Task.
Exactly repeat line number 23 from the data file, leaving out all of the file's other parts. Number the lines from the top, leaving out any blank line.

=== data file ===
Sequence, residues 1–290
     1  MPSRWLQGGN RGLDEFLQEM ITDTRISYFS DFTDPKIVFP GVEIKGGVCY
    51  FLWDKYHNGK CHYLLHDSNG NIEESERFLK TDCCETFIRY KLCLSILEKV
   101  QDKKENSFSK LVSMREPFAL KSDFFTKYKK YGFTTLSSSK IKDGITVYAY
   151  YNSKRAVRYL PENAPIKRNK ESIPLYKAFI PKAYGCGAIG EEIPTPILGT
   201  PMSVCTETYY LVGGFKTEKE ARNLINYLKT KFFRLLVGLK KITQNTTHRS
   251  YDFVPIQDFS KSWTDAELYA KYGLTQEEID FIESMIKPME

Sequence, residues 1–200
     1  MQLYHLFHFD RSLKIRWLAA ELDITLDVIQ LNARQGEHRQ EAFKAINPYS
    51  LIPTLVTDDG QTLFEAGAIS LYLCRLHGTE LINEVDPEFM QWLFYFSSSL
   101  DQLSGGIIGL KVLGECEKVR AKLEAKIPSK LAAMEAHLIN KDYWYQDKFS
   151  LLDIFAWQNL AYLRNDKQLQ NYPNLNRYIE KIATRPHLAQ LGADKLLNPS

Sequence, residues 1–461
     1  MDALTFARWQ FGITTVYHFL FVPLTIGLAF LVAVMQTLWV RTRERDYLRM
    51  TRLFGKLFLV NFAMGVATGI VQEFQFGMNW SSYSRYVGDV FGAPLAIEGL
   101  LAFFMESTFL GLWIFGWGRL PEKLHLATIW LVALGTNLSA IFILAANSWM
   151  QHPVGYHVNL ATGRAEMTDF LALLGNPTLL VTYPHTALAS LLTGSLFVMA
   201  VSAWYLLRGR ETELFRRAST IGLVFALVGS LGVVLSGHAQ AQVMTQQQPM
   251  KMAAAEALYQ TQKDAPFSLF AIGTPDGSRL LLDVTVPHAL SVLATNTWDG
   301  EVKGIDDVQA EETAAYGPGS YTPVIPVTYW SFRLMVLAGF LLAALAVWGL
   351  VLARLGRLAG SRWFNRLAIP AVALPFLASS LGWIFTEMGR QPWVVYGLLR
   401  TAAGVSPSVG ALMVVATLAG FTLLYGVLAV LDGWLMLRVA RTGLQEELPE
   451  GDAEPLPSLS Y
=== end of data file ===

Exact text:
   451  GDAEPLPSLS Y